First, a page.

“From archaeological cooperation to the training of museum managers and assistance with cultural infrastructure, we have put together a package and are continuing to work on it with our Nigerian partners.”

Decolonizing museums

Nanette Snoep, a Dutch anthropologist and curator from the Rautenstrach-Joest-Museum in Cologne, said, “museums and politicians have become aware of the fact that it is really necessary to decolonize museums. And decolonizing also means restitution.”

With this decision, Culture Minister Monika Gruetters said, “We want to contribute to understanding and reconciliation with the descendants of those whose cultural treasures were stolen during colonization.”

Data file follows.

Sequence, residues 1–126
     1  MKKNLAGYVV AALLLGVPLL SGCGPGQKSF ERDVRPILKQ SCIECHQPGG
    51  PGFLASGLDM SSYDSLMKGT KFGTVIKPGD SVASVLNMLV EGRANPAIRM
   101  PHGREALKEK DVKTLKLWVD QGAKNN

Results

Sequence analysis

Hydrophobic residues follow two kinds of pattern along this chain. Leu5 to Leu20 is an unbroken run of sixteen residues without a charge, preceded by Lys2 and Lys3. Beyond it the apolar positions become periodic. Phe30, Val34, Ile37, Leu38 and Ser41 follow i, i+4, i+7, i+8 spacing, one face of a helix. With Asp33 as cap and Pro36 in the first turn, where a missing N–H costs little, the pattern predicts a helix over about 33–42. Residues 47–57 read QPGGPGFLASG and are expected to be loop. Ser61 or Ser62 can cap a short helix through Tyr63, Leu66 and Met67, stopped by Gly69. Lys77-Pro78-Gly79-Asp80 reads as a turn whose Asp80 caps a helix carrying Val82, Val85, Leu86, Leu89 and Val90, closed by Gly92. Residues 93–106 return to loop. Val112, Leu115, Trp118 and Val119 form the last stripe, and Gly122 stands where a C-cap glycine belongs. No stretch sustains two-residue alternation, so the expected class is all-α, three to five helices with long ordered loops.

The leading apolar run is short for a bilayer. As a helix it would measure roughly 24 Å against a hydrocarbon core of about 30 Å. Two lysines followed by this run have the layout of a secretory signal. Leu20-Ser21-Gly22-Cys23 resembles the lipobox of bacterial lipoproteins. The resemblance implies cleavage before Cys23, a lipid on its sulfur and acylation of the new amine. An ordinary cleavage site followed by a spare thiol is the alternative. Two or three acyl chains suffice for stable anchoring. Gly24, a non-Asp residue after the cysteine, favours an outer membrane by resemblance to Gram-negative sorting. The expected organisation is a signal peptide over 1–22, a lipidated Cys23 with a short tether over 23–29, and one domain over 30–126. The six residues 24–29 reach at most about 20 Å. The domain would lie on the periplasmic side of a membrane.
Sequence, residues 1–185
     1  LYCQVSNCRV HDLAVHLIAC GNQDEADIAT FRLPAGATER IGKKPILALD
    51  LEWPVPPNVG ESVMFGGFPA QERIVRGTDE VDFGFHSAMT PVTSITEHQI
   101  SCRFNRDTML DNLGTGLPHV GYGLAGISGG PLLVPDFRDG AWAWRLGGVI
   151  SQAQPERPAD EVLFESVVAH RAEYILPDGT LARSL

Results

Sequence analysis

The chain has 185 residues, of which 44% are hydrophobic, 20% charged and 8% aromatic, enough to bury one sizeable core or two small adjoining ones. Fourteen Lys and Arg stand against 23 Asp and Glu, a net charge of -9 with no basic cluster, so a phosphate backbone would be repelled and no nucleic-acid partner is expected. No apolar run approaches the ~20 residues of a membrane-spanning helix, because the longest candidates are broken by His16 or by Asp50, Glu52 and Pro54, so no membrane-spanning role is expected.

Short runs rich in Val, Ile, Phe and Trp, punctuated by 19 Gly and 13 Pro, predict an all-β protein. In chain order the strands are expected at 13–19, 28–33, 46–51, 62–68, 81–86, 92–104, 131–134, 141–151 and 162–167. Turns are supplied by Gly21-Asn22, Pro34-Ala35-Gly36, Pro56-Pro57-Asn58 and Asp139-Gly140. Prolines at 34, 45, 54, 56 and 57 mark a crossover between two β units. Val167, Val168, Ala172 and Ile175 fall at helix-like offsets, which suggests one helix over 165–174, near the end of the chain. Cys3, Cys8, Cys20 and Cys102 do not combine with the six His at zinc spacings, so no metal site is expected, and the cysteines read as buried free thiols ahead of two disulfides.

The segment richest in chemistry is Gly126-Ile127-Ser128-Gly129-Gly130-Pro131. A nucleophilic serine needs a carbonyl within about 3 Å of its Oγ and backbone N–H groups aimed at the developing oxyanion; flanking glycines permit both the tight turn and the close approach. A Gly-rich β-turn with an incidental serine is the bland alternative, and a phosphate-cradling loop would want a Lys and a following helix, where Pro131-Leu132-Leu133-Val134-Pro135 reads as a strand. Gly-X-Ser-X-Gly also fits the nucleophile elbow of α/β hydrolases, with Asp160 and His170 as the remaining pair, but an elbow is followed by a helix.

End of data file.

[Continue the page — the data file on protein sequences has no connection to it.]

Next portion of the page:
The debate over Benin bronzes gains momentum in Germany

Hermann Parzinger of the Prussian Cultural Heritage Foundation said the goal is to return the first items by 2022. He said talks are planned with the group’s Nigerian counterparts to ensure “substantial returns and future cooperation.”

Those would include talks about allowing some of the items to remain on display in German museums. However, Snoep says this decision must be made by the Nigerians.

“Nigerian partners can decide by themselves how this restitution will take place, how this repatriation will take place and, if some of the looted art will remain in German museums, it must be their decision how we will represent the Benin artworks in our museums and also what kind of story we will tell in our German museums,” said Snoep. 

The famous bronzes are to be found in a number of German museums. The Berlin Ethnological Museum holds around 530 artefacts from the kingdom of Benin, including around 440 bronzes.

Some 180 of the bronzes are due to be exhibited this year in Berlin’s Humboldt Forum, a new museum complex that opened in December.